NeuwirthLawFor Lawyers, Slip and Fall

Why is there such a huge disparity in settlement numbers here? Well, in most personal injury cases there is an element of pain and suffering that makes up most of the settlement claim. In the non-surgical case, the client may have pain and a splint or some period of healing. Perhaps after 8 weeks, they are better and back to work. Perhaps they complain of pain for the next nine months but get no therapy or care. The only evidence of pain and suffering is the client’s word. While we generally believe our clients are telling the truth, the defense will always argue that they are exaggerating the duration of pain and suffering for financial gain.

On the other hand or wrist, nobody would willingly go through a surgery for financial gain, or at least that is the commonly accepted belief. Further, no surgeon would conduct a surgery if it were not needed. So, surgery basically tells all involved that you had a real injury, that needed surgical repair and often with metal plates or screws etc. Surgery, however much it is needed, leaves scars and often results in arthritis or unpleasant sensations when cold weather approaches etc.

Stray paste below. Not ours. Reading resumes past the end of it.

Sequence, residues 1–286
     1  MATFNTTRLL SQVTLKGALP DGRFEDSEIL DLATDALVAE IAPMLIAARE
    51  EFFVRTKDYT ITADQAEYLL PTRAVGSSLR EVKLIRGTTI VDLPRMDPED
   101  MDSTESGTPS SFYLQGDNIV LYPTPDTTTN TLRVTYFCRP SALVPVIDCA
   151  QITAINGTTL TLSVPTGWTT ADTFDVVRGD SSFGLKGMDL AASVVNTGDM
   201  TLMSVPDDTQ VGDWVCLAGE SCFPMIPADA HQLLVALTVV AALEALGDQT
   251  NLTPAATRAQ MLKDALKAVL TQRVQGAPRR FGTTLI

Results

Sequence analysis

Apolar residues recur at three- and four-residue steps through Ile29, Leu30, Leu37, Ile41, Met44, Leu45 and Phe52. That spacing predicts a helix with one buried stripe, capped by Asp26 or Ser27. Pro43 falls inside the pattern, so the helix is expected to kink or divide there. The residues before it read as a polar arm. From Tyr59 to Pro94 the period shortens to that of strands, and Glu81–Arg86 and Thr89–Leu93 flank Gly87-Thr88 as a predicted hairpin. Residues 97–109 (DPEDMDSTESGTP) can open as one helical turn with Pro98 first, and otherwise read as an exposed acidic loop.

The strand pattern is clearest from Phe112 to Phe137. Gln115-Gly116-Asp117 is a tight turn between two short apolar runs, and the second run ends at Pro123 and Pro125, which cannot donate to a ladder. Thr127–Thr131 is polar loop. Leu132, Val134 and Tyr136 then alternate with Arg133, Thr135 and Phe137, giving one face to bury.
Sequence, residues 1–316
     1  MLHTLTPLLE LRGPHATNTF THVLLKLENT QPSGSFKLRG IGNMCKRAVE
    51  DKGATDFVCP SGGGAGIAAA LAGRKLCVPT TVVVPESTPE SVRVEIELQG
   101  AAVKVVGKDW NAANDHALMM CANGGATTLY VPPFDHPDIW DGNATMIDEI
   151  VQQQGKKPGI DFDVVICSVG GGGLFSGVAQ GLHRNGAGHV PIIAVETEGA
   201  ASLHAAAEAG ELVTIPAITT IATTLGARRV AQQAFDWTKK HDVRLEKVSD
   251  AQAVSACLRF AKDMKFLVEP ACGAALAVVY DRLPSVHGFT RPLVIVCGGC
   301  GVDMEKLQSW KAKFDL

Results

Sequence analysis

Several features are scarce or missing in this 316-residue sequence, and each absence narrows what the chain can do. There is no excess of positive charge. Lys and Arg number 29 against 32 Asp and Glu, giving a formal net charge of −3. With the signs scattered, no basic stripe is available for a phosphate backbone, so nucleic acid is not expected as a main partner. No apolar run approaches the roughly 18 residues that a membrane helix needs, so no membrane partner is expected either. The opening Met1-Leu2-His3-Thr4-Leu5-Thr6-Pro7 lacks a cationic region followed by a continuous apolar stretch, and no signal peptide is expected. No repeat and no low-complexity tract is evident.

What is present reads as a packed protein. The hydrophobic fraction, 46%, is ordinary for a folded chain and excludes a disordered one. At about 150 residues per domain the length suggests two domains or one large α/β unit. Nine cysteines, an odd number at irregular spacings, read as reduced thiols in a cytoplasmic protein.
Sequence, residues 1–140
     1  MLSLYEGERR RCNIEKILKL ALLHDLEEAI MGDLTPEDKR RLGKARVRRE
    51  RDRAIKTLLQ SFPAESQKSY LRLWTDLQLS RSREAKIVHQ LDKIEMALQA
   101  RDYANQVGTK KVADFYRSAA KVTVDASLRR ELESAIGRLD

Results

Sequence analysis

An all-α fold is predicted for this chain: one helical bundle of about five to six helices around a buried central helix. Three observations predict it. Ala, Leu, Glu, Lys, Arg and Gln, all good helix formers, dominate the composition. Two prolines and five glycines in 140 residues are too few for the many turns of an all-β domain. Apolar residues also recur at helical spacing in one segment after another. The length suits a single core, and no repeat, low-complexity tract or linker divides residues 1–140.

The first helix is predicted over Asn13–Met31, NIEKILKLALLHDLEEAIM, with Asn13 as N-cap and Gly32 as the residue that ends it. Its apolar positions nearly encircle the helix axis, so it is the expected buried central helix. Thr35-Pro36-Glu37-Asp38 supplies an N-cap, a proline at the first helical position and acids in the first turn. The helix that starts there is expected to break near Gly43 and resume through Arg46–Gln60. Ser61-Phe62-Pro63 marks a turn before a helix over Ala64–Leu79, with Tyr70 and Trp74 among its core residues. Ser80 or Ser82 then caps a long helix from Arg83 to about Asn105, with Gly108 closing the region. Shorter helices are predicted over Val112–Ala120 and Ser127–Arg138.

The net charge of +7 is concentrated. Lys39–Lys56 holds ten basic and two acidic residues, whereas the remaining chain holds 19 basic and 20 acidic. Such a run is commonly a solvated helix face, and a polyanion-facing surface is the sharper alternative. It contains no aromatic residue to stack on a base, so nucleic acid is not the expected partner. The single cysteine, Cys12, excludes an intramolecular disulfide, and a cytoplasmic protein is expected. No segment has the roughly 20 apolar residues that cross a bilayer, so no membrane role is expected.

So, really surgery is proof of injury, proof of pain and suffering, and proof that you will have a lifelong scar, injury, or effects from this single accident. The surgery validates your claim of pain and suffering in a way that mere complaints of pain without surgery do not have validation.

Now, the numbers above vary with crash facts and a host of other factors. What are those factors? Did you lose time from work due to the broken wrist? Are you a cellist and cannot play cello? Did you work right through the injury? Did you contribute to the crash in any way? Is there a defense of any sort for the other side? Did you have a prior wrist injury that clouds the extent of the fracture?

One issue that often crops up is osteoperosis. Defense lawyers and defense doctors will often raise it as an issue to put the thought in a juror’s mind that maybe the bone fracture would not have happened except for the brittle nature of the client’s bones. This is a red herring in my view. You would not have been injured if there were no crash. Whether you are the proverbial eggshell plaintiff or not is not the plaintiff’s fault. Rather, the case is about the injured person and you take the injured person as they are regardless of why they are that way. I had a lovely client with a unique condition where her bones would break upon minimal impact. She was a nice woman and a plaintiff lawyer’s dream client, but then she moved out of state.